AIBU to think my DD is telling the truth, not the teacher?
BearBirdBaboon · 26/11/2021 09:56
If a child tells one version of events and an adult tells another version of events, I think people automatically think the child is lying. A situation like this has come up at my DD's school, during a private music lesson, so only my DD and the teacher were there, so only they know what went on (nothing bad).
My DD is rarely dishonest and there's no reason why she would lie, as it's not something she would have got into trouble for.
Anyway, I think now that people would think that my DD is not telling the truth and I don't think that's fair.
Are you more likely to believe a teacher's version of events or your own child's version of events?
Am I being unreasonable?AIBU
You have one vote. All votes are anonymous.
TatianaBis · 29/11/2021 15:53
[quote Gosports]**@TatianaBis* @00100001*
She said there were lousy music teachers ‘in this country’, which you could read as the teaching here is worse than in other countries. She didn’t say there were lousy teachers full stop. So why so bad in this country?[/quote]
There are lousy teachers in all countries. But the standard of instrumental teaching generally in the U.K. is noticeably poorer than in E.Asia, Russia and E.Europe for example.
Gosports · 29/11/2021 16:06
Ok - I guess you’ve worked in all of those areas, long enough in each to make a reasonable judgement. Best call the UK conservatories and let them know they need to up their game.
TatianaBis · 29/11/2021 16:18
Not talking about conservatoires, this thread is about an instrumental teacher in a school.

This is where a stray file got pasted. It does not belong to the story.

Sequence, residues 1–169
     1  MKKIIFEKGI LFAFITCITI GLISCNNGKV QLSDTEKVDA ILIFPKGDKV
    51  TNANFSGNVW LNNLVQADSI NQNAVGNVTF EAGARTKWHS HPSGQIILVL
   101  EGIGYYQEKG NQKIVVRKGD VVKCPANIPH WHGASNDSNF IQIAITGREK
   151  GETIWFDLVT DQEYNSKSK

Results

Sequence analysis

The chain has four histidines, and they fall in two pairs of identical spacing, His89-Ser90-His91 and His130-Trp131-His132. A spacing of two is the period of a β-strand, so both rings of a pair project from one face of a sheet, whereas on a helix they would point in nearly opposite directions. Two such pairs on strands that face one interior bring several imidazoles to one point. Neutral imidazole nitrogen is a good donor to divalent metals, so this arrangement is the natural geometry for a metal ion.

I don’t why you’re taking a general comment so personally. It’s not about you.
Gosports · 29/11/2021 16:26
These sweeping statements are both tiresome and untrue.
PlanktonsComputerWife · 29/11/2021 16:39
Having had a Russian piano teacher from whose raps my knuckles are still smarting, I think @TatianaBis might be right about how rigorous training over there is. Not that the LSO isn't the best in the world, because it is.
Gosports · 29/11/2021 16:58
Rigorous isn’t necessarily better - it’s no good playing with good technique if you can’t play with feeling. And having your knuckles rapped probably doesn’t make you enjoy playing much!
ManicPixie · 29/11/2021 17:26
Of course not, but what kind of message are you giving to your children if you don’t unconditionally believe the things they say and assume that a relative stranger would be telling the truth above them.
I don’t actually agree with the notion that kids lie. I think they are generally very truthful as they have no reason to lie. They may misinterpret things, in the same way as an adult, but they don’t lie.
I do have direct experience of a teacher lying. He was unaware that I had heard the entire exchange and he lied as he knew he had said something that he shouldn’t. In fairness though, I would have believed my dd either way. I’m not sure that the school would have though.
Sorry, but unconditionally believing small children, even if they’re yours, is insane. The ability to lie is very natural development, and one they try out often. Doesn’t mean you never believe them, but clearly some discretion is necessary.
TatianaBis · 29/11/2021 17:48
It’s most certainly true that the general standard of instrumental teaching in schools in this country not high, outside specialist music schools. You can sometimes find a randomly good teacher but it’s very hit and miss.
You need technique and feeling. No use playing sensitively if you can’t get your fingers round the notes.
Gosports · 29/11/2021 17:52
Have you worked as a music teacher in a variety of schools, areas, continents? Have you observed or mentored instrumental teachers?
Oblomov21 · 29/11/2021 17:55
Sometimes there are lies.
Once I had an issue with Ds1 being kept in every lunchtime for weeks without My knowledge. Many of his classmates confirmed. numerous teachers lied about said it didn't happen, including deputy head. Said the children were lying. Eventually in complaint meeting teacher finally got confused, snapped back in response and accidentally admitted that it had happened.